Related: How the “Squid Game” Crypto Collapsed: The Warning Signs Investors Ignored

3. Find Out Where You Buy and Use the Cryptocurrency

Unless you’re a miner (or an investor with serious acumen), you probably shouldn’t buy cryptocurrency outside of a proper cryptocurrency exchange. Exchanges allow you to buy and sell cryptocurrencies, and while different exchanges require coins to jump through different hoops to get listed, you’ll be safer sticking to these exchanges.

Related: The Most Popular Cryptocurrency Exchanges Right Now

This approach has the same pitfalls as the first tip: it will take time for a new cryptocurrency to be listed on a legitimate exchange. However, we are talking about exchanges that let you buy coins, not apps that let you buy “interest” in a coin, as PayPal does. These platforms are even more cautious than exchanges, and you can miss out on a good thing waiting that long.

In some cases, the blockchain itself will make a scam coin difficult to circulate in legitimate ways because wide circulation in legitimate circles could expose the coin more quickly. For example, we again turn to the infamous Squid Game token, which had strange caps on who could trade the token, where, and under what circumstances.

4. Find Out Who Makes the Coin

Right now, decentralization is the name of the game. However, most legitimate cryptocurrency projects will have a publicly listed board of directors or even partner organizations supporting and developing the currency.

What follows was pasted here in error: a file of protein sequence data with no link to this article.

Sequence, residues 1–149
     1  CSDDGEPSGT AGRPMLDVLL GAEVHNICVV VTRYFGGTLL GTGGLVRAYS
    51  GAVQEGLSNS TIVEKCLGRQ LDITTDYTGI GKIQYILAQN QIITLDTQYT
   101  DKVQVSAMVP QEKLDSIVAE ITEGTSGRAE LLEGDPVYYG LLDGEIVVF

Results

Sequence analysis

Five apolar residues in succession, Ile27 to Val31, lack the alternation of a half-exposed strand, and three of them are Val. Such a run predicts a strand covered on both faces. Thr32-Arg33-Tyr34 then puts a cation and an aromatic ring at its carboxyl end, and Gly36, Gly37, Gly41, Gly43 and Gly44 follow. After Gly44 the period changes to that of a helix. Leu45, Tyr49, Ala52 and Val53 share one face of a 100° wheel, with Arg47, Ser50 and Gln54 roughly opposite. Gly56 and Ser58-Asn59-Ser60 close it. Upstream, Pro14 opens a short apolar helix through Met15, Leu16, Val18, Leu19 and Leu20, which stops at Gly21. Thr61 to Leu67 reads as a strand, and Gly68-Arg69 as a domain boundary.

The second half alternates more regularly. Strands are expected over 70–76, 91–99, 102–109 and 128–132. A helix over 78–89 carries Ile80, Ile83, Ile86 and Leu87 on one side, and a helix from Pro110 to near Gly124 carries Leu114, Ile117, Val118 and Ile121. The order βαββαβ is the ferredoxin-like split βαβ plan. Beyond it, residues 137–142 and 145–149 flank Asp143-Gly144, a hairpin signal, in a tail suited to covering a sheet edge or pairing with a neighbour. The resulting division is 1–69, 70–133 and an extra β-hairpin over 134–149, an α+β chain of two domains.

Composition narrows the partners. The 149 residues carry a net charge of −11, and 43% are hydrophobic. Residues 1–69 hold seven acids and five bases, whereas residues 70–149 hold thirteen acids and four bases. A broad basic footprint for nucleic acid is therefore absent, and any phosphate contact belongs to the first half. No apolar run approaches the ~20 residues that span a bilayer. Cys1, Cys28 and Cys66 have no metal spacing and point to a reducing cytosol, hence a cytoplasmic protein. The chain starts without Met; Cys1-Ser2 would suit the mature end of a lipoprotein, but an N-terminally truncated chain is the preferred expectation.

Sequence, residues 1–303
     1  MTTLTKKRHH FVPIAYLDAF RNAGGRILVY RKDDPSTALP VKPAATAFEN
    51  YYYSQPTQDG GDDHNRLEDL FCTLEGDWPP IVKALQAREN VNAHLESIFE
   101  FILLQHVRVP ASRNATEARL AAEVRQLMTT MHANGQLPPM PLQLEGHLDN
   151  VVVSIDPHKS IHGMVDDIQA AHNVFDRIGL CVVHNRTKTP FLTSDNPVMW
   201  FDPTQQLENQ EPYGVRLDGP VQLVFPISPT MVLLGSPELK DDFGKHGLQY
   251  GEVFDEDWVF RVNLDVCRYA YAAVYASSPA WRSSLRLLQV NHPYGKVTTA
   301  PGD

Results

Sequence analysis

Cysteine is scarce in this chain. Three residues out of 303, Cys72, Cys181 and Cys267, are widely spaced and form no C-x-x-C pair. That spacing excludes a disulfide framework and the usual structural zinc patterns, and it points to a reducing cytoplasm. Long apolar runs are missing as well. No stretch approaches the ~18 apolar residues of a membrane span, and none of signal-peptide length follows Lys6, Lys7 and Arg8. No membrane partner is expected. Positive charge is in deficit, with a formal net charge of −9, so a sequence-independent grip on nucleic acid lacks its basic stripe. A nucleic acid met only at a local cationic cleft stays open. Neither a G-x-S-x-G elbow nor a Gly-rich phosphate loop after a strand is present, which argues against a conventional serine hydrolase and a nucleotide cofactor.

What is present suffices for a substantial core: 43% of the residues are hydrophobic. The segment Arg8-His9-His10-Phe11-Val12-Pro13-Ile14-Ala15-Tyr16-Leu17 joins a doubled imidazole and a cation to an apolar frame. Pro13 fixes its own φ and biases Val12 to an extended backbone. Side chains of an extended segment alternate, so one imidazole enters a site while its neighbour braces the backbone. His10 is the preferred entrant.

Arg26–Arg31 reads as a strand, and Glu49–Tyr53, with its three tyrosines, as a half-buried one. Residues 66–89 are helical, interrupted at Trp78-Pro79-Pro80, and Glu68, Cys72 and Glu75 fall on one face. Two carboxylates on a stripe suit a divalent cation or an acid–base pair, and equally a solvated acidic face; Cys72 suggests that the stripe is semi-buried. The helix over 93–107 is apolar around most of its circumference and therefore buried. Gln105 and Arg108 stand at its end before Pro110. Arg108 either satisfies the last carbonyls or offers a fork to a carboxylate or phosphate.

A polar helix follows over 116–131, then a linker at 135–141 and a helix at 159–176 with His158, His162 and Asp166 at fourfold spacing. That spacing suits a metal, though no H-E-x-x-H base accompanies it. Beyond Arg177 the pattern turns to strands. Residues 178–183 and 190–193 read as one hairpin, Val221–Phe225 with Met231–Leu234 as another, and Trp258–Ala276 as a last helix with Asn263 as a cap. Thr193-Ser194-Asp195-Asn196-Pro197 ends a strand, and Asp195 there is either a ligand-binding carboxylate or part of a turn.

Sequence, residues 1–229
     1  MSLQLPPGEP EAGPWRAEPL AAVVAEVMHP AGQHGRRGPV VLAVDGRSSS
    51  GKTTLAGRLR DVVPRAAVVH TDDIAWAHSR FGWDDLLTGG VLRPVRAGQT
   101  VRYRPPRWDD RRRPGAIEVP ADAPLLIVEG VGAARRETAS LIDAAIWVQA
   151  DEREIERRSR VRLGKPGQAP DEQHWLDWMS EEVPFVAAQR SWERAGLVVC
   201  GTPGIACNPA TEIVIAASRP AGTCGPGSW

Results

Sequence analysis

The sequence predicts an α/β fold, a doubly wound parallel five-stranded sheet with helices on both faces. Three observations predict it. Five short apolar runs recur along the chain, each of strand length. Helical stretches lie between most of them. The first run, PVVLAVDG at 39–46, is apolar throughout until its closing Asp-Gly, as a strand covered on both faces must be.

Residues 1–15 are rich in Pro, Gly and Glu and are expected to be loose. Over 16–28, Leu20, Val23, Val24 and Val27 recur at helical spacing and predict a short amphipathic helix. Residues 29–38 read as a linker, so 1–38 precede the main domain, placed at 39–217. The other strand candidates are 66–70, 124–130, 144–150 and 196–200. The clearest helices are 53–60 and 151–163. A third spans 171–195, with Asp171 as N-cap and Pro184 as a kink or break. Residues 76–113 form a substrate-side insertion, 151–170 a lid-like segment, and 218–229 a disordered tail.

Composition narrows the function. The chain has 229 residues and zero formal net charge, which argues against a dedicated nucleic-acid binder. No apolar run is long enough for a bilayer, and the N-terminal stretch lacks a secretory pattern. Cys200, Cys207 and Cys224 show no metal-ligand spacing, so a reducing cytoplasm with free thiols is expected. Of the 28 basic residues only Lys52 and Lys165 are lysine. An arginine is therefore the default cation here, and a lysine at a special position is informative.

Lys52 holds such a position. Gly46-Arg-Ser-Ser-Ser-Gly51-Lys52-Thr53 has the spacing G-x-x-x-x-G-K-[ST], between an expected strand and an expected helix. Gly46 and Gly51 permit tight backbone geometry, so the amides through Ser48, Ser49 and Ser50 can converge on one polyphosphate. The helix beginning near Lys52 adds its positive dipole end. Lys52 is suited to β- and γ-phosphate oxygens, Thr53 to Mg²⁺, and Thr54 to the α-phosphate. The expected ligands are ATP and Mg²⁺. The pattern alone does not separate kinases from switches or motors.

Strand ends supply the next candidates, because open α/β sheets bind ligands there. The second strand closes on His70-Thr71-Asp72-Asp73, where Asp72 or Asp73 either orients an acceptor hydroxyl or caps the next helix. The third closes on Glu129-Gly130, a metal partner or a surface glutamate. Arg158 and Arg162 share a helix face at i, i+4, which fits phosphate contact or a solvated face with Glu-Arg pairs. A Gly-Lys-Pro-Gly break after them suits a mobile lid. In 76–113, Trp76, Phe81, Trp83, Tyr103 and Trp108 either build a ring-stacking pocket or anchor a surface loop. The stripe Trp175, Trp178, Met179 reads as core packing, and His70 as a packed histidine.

You don’t have to know the names of all of the board members, but you should at least recognize the names of the companies enabling or using the blockchain. Even if you don’t, you should be able to research those individuals and organizations to find out whether they are real and really involved.

Depending on how rigorous you are, you may or may not think that Bitcoin fits this list. We don’t know who started the ball rolling after all. However, a lot of the people who are currently pushing that ball are less than anonymous and Bitcoin.org does have ways for you to learn more about the community of developers keeping Bitcoin alive.

5. Find Out if the Coin Seems Sustainable

This is a combination and reconsideration of some of the red flags covered in the introductory paragraphs. A coin worth investing in should solve a problem and solving that problem should be the goal of the coin’s creators, not making money.

For example, IOTA is one of the most technologically ambitious coins out there, and it’s trading at fractions of the going rates of better-known tokens. Why? In part because IOTA is built for long-term scale rather than as a get-rich-quick scheme or even as a conventional store of value. It’s meant to do a job, and the financial rewards come second.

Research Your Crypto Before Making Any Investments

The tech world, and particularly the blockchain and crypto worlds, move pretty fast these days. It’s easy to get swept away in the feeling that if you spend too much time looking into an opportunity it will pass you by. However, anything worth investing in today will still be there tomorrow.

It’s better to wait and gain less than you could have than to jump into something early and lose more than you needed to.